Read the previous entry in the series here.
Read the next entry in the series here.
The second of the Farseer books, Royal Assassin, opens with a brief prologue, unlike Assassin’s Apprentice. In the prologue, titled “Dreams and Awakenings,” Fitz considers (in retrospect) various magics known to the Six Duchies. He notes both that magical knowledge tends to be transmitted orally and that it requires an inborn predilection for practice. He passes on to further consideration of the authority to treat a topic in writing, musing on it for a while before shifting topics again.
Fitz’s narration shifts to consider his continuing admiration for Molly, and he comments at some length about his work as the apprentice assassin for the Duchies, quietly working for the betterment of the Kingdom through performance of heinous deeds. And he arrives at his status following the end of Assassin’s Apprentice: recovering slowly and shakily in Jhaampe from being poisoned and abused, to his annoyance. He is not eased when Burrich notes the difficulty in treating him, though in their conversation, he begins to reappraise the man who might as well be his foster-father. And, amid fits caused by the lingering injuries and damage from the poison, Fitz makes to order Burrich back to Buckkeep before finally falling into sleep.
The prologue serves as an interesting way to recapitulate the events of the first novel in the series for the benefit of those who might be picking up Royal Assassin before reading Assassin’s Apprentice–while not reading as a dreadfully dull repetition to those who have moved directly into the new novel from the last one. It also does admirably to lay out the beginning state of affairs for the still-young FitzChivalry, while offering in its initial retrospection an assurance that Fitz will outlast the events of the novel. That is important because of the novel’s position in its series; it is the second book in a trilogy, traditionally the member of a trilogy that positions the protagonist in the worse possible position. But Fitz will survive, readers are assured.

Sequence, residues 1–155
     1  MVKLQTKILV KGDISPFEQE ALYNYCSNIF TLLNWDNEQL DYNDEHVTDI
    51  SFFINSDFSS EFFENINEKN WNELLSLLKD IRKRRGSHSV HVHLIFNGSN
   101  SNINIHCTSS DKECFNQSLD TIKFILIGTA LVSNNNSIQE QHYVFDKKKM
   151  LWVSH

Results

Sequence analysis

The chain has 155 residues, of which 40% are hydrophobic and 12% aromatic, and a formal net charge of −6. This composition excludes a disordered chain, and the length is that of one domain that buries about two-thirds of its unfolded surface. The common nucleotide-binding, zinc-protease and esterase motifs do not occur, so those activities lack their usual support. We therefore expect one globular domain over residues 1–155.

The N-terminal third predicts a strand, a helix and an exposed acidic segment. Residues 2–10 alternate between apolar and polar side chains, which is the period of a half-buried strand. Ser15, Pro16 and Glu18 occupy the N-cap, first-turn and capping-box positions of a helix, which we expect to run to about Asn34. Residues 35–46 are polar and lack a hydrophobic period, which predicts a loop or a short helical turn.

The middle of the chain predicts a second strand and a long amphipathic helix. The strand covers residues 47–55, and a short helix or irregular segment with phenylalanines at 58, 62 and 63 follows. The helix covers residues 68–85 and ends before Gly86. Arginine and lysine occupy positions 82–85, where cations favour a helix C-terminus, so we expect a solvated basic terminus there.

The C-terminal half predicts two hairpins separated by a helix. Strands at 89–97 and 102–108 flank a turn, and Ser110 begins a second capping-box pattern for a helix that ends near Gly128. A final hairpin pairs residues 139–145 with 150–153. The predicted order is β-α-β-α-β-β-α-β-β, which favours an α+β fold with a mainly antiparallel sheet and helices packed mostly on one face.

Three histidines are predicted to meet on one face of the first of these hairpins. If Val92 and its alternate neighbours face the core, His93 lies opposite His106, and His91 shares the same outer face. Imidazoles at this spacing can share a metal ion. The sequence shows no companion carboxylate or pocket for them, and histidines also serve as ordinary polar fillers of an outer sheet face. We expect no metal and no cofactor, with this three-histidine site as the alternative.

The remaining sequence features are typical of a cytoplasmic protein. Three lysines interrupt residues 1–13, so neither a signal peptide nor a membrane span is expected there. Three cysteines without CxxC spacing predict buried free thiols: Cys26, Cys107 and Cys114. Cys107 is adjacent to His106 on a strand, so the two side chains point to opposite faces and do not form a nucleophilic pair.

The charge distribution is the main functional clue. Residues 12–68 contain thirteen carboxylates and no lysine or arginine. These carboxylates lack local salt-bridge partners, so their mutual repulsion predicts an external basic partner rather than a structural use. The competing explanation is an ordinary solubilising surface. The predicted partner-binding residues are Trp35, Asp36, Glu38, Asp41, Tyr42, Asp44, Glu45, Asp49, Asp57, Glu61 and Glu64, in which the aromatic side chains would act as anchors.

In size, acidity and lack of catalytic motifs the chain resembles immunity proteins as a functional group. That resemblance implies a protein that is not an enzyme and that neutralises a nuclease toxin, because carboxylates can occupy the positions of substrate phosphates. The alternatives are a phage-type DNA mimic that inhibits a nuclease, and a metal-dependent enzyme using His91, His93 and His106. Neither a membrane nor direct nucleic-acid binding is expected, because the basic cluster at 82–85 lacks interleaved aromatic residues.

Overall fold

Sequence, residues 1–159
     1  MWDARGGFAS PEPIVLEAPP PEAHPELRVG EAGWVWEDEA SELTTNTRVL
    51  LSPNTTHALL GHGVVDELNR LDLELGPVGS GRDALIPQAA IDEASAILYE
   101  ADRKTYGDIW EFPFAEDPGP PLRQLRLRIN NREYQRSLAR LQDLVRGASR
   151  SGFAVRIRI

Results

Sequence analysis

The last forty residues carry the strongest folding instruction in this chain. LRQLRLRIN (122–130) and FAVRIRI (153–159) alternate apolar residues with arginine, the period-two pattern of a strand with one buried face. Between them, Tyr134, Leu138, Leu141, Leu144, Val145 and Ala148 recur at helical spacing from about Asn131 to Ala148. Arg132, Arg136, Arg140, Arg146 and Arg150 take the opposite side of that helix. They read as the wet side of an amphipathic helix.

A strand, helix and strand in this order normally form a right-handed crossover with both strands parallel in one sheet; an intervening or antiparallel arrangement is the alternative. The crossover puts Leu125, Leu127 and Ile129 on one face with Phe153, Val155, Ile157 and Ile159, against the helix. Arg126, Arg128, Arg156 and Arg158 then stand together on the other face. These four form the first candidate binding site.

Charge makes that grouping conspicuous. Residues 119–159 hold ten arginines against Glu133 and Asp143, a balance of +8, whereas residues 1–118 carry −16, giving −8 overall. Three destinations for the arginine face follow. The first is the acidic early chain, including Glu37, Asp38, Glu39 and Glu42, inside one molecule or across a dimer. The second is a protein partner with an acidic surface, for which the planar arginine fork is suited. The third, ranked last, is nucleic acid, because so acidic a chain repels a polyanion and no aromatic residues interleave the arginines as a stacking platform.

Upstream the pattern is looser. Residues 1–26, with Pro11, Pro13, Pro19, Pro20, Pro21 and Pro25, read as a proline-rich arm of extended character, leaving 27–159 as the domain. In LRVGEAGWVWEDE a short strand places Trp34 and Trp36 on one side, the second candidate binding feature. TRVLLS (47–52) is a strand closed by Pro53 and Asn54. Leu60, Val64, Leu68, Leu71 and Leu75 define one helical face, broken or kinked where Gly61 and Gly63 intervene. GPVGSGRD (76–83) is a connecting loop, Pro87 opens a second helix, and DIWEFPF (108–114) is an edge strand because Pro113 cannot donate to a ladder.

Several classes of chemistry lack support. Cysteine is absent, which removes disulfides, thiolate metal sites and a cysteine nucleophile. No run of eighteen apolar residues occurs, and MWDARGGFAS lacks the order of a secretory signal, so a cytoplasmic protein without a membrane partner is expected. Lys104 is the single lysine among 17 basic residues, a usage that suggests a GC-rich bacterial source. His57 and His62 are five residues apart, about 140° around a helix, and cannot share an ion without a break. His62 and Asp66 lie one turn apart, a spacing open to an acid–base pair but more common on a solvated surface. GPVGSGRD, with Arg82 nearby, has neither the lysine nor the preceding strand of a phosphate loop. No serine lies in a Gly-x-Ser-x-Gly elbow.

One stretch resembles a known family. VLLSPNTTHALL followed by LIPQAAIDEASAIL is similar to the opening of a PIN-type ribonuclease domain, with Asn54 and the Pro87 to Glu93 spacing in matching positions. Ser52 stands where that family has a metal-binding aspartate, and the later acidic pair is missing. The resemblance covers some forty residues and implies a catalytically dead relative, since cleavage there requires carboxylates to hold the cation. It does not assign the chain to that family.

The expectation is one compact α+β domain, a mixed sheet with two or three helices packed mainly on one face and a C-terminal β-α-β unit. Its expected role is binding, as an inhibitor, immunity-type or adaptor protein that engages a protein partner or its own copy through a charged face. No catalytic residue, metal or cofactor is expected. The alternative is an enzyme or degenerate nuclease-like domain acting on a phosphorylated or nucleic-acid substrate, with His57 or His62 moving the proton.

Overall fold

Of additional note is the bit of philosophical musing Fitz advances in the first few paragraphs of the prologue, those presented as being the work of his pen as he writes in times in the novel’s future and those following close after, when he muses to himself and not upon the in-milieu page about what right he has to document traditions in which he does not take part–particularly when his right to attest in writing to those of his own experiences is in question. Some irony could well be read into writers voicing, even through fictional characters, a reluctance to write about topics at some remove from themselves, or arrogance could be read into it, since such a stance implies that authors believe themselves to be experts in the areas upon which their writing touches. It is not as if Hobb does not make other comments about the craft of writing in her work, as I’ve noted before, so it does not come as a surprise to see such comments in the earlier parts of her corpus, even if how to interpret them may not be entirely clear.
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